The average sentence in 7,617 fraud cases in fiscal 2009 was 21.8 months, according to the U.S. Sentencing Commission, which establishes the guidelines. Of those convictions, 94.9 percent were the result of guilty pleas and 5.1 percent came at a trial.

In non-insider trading cases that year, judges in Manhattan federal court sentenced Bernard Madoff to 150 years for masterminding the largest Ponzi scheme ever, former KPMG LLP senior manager John Larson got 10 years for selling tax shelters to wealthy clients, and law firm founder Marc Dreier received a 20-year term for cheating hedge funds out of more than $400 million.

A review of government statements issued since 2003 by the Manhattan U.S. Attorney’s Office in cases in which the chief crime was insider trading showed that many sentences included probation or home confinement. Defendants typically were ordered to pay fines and restitution....

Twenty-eight of the 43 sentences reviewed by Bloomberg occurred in 2007 or later, when prosecutors stepped up their scrutiny of insider trading. In those cases, the average sentence was 17.2 months behind bars.

January 20, 2011 in Offender Characteristics, Offense Characteristics, Procedure and Proof at Sentencing, White-collar sentencing | Permalink | Comments (3) | TrackBack

Notable new letter to AG Eric Holder concerning application of the FSA

This morning I received a copy of a letter that the Leadership Conference on Civil and Human Rights sent to Attorney General Eric Holder urging him to issue guidance instructing all federal prosecutors to apply the modified mandatory minimums in the new Fair Sentencing Act of 2010 to all defendants who have not yet been sentenced, including those whose conduct predates the legislation’s enactment. The letter can be downloaded below, and here is an excerpt:

The passage of the FSA was a watershed moment in the move toward fairness in criminal sentencing and in the effort to correct a long standing wrong. Your leadership and support for the FSA were not only crucial to its passage, but also conveyed the need for immediate action. As you noted last year when testifying before the Senate, “the stakes are simply too high to let reform in this area wait any longer.” We agree....

All of this would lead us to think that the Justice Department would work with some urgency to prosecute crack offenders along the new guidelines consistent with the remedial purpose of the Act. But to our dismay, Assistant U.S. Attorney Michael J. Conley recently argued in court that it was the Justice Department‟s policy, and not simply a matter of prosecutorial discretion, to apply the old mandatory minimums to all future prosecutions and sentencing based on pre-August 3, 2010, conduct.... As Attorney General, you are well within the bounds of your authority to issue such guidance since there is ample precedence for producing various memoranda addressing Department policies with respect to charging, case disposition, and sentencing.... The recent passage of the FSA emphatically reaffirms Congress' intention that crack defendants are entitled to fair treatment. It makes no sense to apply punishment differentially for defendants whose conduct occurred a few days apart.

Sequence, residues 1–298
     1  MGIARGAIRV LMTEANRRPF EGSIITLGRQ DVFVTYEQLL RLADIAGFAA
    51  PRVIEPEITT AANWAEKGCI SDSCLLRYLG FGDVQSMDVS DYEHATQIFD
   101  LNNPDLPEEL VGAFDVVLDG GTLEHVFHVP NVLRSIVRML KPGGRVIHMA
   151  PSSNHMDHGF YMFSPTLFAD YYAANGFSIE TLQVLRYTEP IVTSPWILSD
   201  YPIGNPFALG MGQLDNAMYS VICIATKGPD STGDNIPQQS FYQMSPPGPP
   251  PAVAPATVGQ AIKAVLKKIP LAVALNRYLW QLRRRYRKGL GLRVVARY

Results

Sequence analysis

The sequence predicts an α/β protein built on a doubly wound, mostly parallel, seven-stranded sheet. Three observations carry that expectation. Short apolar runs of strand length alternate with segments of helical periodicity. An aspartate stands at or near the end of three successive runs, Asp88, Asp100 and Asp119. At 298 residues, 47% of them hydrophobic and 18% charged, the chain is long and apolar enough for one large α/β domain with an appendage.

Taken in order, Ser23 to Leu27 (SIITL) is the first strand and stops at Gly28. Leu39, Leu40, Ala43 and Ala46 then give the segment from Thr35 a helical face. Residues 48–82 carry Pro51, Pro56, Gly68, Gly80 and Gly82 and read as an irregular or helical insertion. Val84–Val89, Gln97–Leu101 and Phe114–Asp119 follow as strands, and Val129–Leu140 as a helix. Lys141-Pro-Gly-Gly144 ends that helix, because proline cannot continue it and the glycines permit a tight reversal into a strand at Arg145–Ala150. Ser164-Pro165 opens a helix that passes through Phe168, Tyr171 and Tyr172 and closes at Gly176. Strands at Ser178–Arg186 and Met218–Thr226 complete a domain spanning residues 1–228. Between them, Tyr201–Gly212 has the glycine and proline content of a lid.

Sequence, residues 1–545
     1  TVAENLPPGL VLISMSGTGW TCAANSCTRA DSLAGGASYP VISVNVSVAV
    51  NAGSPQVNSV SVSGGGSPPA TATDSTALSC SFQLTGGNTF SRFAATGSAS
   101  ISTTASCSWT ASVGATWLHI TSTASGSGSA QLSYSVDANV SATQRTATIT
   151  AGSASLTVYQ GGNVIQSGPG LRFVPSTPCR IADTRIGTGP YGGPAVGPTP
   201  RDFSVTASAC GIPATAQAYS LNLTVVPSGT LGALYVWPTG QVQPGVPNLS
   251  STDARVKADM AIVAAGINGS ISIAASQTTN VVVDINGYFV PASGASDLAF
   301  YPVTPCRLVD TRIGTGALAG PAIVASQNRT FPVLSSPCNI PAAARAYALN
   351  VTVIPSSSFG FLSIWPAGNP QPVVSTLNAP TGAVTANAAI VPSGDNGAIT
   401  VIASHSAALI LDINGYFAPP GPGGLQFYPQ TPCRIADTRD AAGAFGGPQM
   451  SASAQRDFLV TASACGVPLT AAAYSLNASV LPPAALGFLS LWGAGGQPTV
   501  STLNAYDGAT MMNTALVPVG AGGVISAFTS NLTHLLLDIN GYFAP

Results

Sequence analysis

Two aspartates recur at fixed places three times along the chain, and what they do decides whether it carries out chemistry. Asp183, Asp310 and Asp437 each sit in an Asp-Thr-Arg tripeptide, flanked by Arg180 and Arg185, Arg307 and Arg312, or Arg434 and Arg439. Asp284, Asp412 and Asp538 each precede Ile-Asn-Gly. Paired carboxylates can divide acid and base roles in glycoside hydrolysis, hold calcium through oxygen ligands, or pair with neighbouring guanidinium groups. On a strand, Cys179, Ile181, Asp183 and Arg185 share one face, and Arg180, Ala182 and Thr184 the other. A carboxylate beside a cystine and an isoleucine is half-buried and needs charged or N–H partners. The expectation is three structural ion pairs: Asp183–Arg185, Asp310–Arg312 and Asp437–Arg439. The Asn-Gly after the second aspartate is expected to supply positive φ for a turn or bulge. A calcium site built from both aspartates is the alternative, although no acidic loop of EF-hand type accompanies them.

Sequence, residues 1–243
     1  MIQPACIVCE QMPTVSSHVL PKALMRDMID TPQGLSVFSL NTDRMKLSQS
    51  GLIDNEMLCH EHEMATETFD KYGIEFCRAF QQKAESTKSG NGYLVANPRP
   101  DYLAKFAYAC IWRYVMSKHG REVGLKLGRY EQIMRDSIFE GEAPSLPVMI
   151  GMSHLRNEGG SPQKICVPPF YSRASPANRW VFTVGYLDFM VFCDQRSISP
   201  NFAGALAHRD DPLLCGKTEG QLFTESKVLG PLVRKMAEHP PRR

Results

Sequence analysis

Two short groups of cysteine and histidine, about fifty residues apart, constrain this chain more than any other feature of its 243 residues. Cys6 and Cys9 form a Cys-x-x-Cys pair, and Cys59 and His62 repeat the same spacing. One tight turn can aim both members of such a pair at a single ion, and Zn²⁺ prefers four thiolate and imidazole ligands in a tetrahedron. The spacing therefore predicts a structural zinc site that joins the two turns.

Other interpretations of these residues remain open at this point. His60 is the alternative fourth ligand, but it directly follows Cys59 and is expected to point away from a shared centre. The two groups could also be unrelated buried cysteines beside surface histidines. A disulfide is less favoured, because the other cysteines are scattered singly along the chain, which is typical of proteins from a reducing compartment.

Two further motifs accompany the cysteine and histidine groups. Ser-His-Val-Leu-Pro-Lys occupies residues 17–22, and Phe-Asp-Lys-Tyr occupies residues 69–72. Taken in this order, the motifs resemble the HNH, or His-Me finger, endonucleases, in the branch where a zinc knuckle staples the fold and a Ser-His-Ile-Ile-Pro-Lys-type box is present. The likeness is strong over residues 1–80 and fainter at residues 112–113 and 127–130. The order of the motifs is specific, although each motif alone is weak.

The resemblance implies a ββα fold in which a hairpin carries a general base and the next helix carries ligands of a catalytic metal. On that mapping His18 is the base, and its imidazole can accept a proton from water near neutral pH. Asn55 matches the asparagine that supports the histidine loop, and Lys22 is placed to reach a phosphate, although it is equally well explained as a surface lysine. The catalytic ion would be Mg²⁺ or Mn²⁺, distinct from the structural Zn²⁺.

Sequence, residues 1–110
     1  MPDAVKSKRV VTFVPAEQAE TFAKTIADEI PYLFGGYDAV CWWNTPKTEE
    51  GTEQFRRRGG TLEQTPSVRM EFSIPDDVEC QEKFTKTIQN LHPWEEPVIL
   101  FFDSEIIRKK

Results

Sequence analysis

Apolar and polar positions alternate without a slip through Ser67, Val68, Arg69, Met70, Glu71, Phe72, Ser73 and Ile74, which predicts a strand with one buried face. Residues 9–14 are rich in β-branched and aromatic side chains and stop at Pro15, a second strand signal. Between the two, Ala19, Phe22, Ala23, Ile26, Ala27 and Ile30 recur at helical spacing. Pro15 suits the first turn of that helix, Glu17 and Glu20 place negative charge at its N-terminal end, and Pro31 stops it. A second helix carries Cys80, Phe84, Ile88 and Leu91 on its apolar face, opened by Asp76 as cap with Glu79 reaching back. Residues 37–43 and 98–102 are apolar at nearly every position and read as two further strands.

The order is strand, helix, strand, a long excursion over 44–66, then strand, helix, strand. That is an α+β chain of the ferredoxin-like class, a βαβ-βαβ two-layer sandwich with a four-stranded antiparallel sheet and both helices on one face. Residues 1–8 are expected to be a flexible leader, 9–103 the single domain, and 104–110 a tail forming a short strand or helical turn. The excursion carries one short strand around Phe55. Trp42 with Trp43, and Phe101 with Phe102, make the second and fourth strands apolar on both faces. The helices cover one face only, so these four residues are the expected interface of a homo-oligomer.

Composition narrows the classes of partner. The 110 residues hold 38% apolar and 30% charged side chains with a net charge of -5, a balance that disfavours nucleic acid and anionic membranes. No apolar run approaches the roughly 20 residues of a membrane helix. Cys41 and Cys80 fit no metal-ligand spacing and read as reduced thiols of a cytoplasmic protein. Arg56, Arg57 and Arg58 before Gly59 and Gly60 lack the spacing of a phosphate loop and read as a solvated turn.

For these reasons, we call upon you to issue new guidance to all Justice Department prosecutors that closely follows the Congressional intent behind the Fair Sentencing Act of 2010 found in the legislative history surrounding its passage. Such guidance necessarily entails seeking sentences consistent with the Act‟s reduced mandatory minimums for defendants who have not yet been sentenced, regardless of when their conduct took place.

Download 1_18_11_Ltr_to_AG_Holder_on_Crack_Sentencing

Some recent related posts:

January 20, 2011 in Drug Offense Sentencing, New crack statute and the FSA's impact, Procedure and Proof at Sentencing, Race, Class, and Gender, Who Sentences? | Permalink | Comments (4) | TrackBack

January 19, 2011

"Death and Dixie: How the Courthouse Confederate Flag Influences Capital Cases in Louisiana"

The title of this post is the title of this interesting piece available via SSRN authored by two capital lawyers in Louisiana.  Here is the abstract:

This article explores the constitutional problems associated with flying the Confederate flag at a death penalty trial in the South.  Specifically, the Confederate flag at Caddo Parish Courthouse, in Shreveport, Louisiana, plays a toxic role in the administration of the death penalty in Shreveport.  Post-Furman, Caddo Parish juries have voted to impose the death penalty on sixteen men and one woman: all but four have been black, and the combination of black-defendant and white victim exponentially increases the likelihood of aggressive prosecution.  The flag’s presence at this courthouse raises unique dangers. Beyond the equal protection issues generated by the mere government display of the flag on state property, the flag’s presence at a courthouse implicates the accused’s right to due process, and both the defendants’ and the prospective jurors’ rights to all of the privileges or immunities attendant to being a citizen of a state in the Union.

Perhaps I should have waited a week to note this article; January 26th of this year happens to mark the 150th anniversary of Louisiana's decision in 1861 to secede from the United States.

January 19, 2011 in Death Penalty Reforms, Procedure and Proof at Sentencing, Who Sentences? | Permalink | Comments (8) | TrackBack

Outstanding local media coverage of the crime, prosecution and punishment of kiddle porn downloaders